8 beautifully feminist characters you need in your life

What can we take away from female characters who managed to become the heroes of their own lives?

8 beautifully feminist characters you need in your life

What can we take away from female characters who managed to become the heroes of their own lives?
  • These eight female characters come from very different time periods and walks of life but they all share the role of being a strong female lead. None of these women are the princess type who waits patiently to be rescued. They are not damsels in distress, fainting on the sidelines. Instead, they are women who took charge of their situation. And as it turns out, we could all learn a thing or two from these characters.

  • Hua Mulan, The Ballad of Mulan

  • The Mulan who first made her appearance in a 6th Century poem was a tad different than the figure seen in the popular Disney animated film. In the poem, Mulan became unhappy as a weaver and instead took up martial arts and became a weapons expert. When the situation demanded it, Mulan stepped up and went to war in place of her father.

  • Elizabeth Bennett, Pride and Prejudice

  • Elizabeth never failed to express her opinion. She knew what she wanted, and sought to get her way. She let her voice be heard during a time when women had few, if any, rights. From Elizabeth, we learn we can have our own voices and still be loved.

  • Jo March, Little Women

  • One of the things that set Jo apart from the other female characters in this story was her fierce dedication to her family. Even when she had to cut off her hair to raise money, her family came first. When she finally does marry, it is to a man who she sees as her equal.

  • Katniss Everdeen, The Hunger Games series

  • Katniss is an independent, persistent, and selfless character. She remained loyal to her friends and family in a trying situation. In a brutal competition, she was a formidible competitor who did not give her heart away lightly. But when she did love, she loved with all her heart.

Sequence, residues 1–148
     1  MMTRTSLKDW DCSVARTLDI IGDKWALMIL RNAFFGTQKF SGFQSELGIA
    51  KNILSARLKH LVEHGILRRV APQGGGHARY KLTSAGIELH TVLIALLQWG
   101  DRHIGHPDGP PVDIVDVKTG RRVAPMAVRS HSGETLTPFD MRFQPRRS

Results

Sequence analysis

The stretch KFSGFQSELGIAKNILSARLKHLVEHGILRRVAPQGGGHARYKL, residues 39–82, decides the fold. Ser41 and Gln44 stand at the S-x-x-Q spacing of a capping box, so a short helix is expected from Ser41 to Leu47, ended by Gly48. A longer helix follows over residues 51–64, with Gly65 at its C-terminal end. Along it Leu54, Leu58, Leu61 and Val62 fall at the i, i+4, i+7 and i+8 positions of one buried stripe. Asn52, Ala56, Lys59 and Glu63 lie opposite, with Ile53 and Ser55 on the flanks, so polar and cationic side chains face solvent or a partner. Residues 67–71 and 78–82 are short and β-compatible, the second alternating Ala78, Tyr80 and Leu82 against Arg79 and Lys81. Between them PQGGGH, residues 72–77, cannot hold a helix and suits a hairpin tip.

• Hermione Granger, The Harry Potter series

  • Hermione was wickedly smart and wasn't afraid to show it. She always was her very best, and never felt the need to dumb herself down. In the end, she helped defeat the Dark Lord, got her man, and kept her brains all along the way.

  • Scarlett O'Hara, Gone with the Wind

  • Scarlett was a spoiled and self-centered sixteeen year old, but that all changed as she endured the Civil War. Scarlett is nothing if not a survivor, sometimes at all costs. She single handedly manages to keep the family home when other Georgia families are losing theirs.

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  • Alice, Alice in Wonderland

  • Alice was curious and understood the value of letting her imagination run wild. She couldn't always see what was in front of her, but that didn't stop Alice from walking through mazes in order to find her own path.

  • Eliza Doolittle, My Fair Lady (Pygmalion)

  • Born a poor Cockney flower girl on the streets of London, Eliza is not afraid to reinvent herself when the situation calls for it. She goes from a frightened flower girl to a confident woman in this tale.

  • Strong female leads in literature can teach both us and our daughters to be secure in our own skins. These female characters are not afraid to be vulnerable and show their emotions. But when they find themselves in danger, they take charge of their situation and learn to write their own destinies.

Read about the power of families to seek after the one in Susan's book: Coming Home: A Mormon's Return to Faith.


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